Nokkaew N* and Srihirun K
Faculty of Sports Science, Chulalongkorn University, Thailand
*Corresponding author: Nattiporn Nokkaew, Faculty of Sports Science, Chulalongkorn University, Bangkok, Thailand
Submission: March 21, 2020;Published: June 02, 2020
ISSN 2578-0271 Volume6 Issue4
It has been widely established that the ingestion of carbohydrate (CHO) pre-, during and post-exercise can improve exercise performance in intense events that lasting longer than 60 to 90 minutes.CHO provides most of the energy for high-intensity endurance exercise (85% to 100% VO2max) , maintains blood glucose, and possibly spares endogenous glycogen stores . Consequently, CHO supplementation could be appropriate for athletes competing in endurance events. Fluid intake is a one frequent way to deliver CHO before, during and after exercise. However, the disadvantages of CHO-beverage are the monosaccharide and disaccharide composition which making the beverage very sweet  and the rate of gastric emptying and intestinal absorption are too slow compare to other form of CHO .
Table 1: Gastric emptying time of the test solutions.
Note: Adapted from Takii H et al. . Data represent means ± SEM for 10 subjects. Values that do not share common superscript letters are significantly different at p<.05.
Highly branched cyclic dextrin (HBCD) is a new type of maltodextrin, produced from waxy corn starch by the cyclization reaction of a branching enzyme (EC 220.127.116.11) [4-6]. HBCD has a high molecular weight and narrower molecular weight distribution than other maltodextrins. It is highly soluble in water and the solution is stable during storage, does not have an unfavorable smell or taste in solution and has low osmotic pressure which is a key factor to determine the gastric emptying rate (GER) of a beverage . As a result of its low osmotic pressure, drinks containing HBCD have a shorter gastric emptying rate than glucose-based drink and maltodextrin-based drinks  and less gastrointestinal disorders in humans during exercise . Therefore, athletes who consume HBCD may possibly proceed the exercise comfortably with little fatigue (Table 1).
HBCD can improve endurance exercise performance by supplying glucose energy for a longer period. The effect of HBCD on endurance exercise can be seen from the study of Furuyashiki et al.  which investigated the effect of HBCD and maltodextrin on blood glucose concentration and the rating of perceived exertion (RPE) during endurance exercise in a crossover, double-blind study of healthy volunteers. The participants consumed HBCD or maltodextrin (15g) dissolved in 200ml distilled water then consumed the other 2 weeks later. The participants immediately started exercise using bicycle ergometer. The study was found that blood glucose concentration after ingestion tended to be higher in ingesting HBCD than maltodextrin and the rate of perceived exertion (RPE) tended to be lower after HBCD administration than maltodextrin . The effect of HBCD was consistent with the study from Shiraki et al. . Shirakiet et al.  examined the effects of HBCD administration on endurance performance in elite swimmers. The subjects received either HBCD, glucose (1.5g/kg body weight) or water (a control) and followed by 10 cycles of intermittent swimming. When consuming HBCD, the time to fatigue was 70% longer than consuming glucose and water. In Addition, plasma glucose in the HBCD group was maintained at higher level during pre-swimming cycles than in the glucose or water group . These results indicate that HBCD supplementation can enhances athletic endurance performance during exercise.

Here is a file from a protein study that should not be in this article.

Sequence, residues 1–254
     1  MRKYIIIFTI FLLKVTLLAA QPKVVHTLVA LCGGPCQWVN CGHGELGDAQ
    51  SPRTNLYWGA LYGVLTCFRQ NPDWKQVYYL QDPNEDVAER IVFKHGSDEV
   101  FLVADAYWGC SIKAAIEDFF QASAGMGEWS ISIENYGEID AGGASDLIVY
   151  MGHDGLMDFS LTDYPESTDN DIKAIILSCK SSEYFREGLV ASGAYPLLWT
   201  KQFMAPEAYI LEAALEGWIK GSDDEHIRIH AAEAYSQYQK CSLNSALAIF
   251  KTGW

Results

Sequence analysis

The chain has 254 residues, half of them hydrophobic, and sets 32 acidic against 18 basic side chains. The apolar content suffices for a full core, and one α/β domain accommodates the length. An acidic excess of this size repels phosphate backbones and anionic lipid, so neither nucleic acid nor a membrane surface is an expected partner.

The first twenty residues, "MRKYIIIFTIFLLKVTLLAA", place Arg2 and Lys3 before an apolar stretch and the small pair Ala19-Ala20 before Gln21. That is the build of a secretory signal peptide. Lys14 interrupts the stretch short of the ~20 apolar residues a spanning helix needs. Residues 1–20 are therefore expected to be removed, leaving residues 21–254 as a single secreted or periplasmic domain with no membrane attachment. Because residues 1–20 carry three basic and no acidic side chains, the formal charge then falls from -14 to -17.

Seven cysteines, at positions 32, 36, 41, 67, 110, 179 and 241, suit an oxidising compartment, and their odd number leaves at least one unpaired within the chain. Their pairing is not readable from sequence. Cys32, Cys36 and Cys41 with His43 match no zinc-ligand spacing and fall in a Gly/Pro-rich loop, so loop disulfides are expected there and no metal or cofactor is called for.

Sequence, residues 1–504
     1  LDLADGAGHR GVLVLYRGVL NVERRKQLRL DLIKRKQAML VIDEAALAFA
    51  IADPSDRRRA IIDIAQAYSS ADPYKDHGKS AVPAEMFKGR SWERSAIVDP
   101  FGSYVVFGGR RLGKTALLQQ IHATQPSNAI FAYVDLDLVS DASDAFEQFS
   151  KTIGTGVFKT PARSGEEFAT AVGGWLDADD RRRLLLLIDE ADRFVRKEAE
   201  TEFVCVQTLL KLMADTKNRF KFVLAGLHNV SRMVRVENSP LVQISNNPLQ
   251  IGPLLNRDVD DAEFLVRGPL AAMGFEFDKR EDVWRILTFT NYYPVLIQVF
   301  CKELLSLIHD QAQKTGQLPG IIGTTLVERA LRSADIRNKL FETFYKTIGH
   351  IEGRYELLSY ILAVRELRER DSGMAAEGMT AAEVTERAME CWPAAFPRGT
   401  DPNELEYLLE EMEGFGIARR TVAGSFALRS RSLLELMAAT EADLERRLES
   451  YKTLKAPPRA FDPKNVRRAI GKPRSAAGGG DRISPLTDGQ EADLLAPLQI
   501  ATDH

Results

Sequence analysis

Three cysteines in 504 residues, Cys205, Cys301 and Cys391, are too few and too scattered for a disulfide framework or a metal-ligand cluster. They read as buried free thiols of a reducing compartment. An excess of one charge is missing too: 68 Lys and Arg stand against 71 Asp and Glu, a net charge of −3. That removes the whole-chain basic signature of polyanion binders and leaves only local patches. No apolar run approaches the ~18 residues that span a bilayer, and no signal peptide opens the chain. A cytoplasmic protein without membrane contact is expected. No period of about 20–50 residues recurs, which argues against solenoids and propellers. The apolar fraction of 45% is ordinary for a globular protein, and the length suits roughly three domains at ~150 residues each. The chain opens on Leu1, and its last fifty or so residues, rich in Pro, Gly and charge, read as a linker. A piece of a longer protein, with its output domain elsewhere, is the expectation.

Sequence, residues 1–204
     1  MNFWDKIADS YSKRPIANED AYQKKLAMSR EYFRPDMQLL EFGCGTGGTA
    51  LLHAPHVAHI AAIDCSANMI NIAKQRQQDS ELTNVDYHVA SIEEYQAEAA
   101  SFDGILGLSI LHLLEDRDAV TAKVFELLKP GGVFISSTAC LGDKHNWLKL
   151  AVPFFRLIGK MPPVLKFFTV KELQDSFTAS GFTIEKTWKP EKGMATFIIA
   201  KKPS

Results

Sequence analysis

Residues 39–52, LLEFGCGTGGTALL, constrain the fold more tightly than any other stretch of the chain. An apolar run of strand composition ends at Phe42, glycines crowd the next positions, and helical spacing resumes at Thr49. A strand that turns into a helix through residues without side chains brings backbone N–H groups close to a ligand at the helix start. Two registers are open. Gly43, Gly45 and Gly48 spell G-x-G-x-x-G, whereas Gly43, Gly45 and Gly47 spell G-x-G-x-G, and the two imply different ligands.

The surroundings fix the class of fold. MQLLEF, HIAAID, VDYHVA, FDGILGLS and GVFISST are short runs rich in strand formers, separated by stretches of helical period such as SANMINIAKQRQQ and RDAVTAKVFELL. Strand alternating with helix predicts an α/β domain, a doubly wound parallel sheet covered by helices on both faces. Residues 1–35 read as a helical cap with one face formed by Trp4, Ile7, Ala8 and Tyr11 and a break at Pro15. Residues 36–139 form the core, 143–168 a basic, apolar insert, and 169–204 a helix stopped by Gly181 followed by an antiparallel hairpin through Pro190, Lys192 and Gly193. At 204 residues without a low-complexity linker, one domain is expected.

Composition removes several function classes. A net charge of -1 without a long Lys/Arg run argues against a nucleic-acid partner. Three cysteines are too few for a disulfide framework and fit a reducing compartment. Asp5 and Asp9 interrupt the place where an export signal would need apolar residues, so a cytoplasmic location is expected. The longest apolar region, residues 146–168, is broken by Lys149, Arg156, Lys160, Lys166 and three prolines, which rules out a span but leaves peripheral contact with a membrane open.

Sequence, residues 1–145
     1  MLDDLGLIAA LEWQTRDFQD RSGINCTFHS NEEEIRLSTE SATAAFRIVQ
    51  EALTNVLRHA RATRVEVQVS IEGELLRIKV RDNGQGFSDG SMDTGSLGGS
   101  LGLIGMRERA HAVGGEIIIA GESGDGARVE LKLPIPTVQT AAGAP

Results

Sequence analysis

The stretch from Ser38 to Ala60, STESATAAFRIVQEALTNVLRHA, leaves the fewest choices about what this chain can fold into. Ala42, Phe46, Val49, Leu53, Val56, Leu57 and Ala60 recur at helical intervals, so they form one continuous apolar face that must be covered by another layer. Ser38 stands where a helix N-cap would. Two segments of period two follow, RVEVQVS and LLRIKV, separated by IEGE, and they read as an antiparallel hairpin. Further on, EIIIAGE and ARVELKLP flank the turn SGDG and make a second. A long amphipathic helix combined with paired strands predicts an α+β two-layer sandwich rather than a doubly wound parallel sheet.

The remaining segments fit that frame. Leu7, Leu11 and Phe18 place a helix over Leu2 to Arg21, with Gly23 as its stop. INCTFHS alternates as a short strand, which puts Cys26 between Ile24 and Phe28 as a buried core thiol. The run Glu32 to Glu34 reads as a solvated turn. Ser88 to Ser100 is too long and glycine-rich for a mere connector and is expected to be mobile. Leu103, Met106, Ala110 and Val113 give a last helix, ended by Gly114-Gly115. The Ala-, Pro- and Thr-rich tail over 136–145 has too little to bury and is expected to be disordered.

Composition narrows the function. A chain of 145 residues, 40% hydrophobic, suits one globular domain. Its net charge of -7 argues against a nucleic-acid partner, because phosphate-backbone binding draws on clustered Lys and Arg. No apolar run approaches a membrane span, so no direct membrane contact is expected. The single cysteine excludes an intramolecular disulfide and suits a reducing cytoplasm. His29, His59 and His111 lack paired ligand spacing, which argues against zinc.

HBCD, a new type of maltodextrin, can play an important role in supplementation strategies for athletes. HBCD administration has been observed to enhance endurance exercise performance. An administration from 15g to 1.5g/kg body weight was used to lower RPE, maintain blood glucose level and prolong the time to fatigue. However, the mechanism for lower RPE after HBCD ingestion is yet still unknown. Further study is required to provide more information regarding the mechanism for lower PRE after HBCD administration.
© 2020 Nokkaew N. This is an open access article distributed under the terms of the Creative Commons Attribution License , which permits unrestricted use, distribution, and build upon your work non-commercially.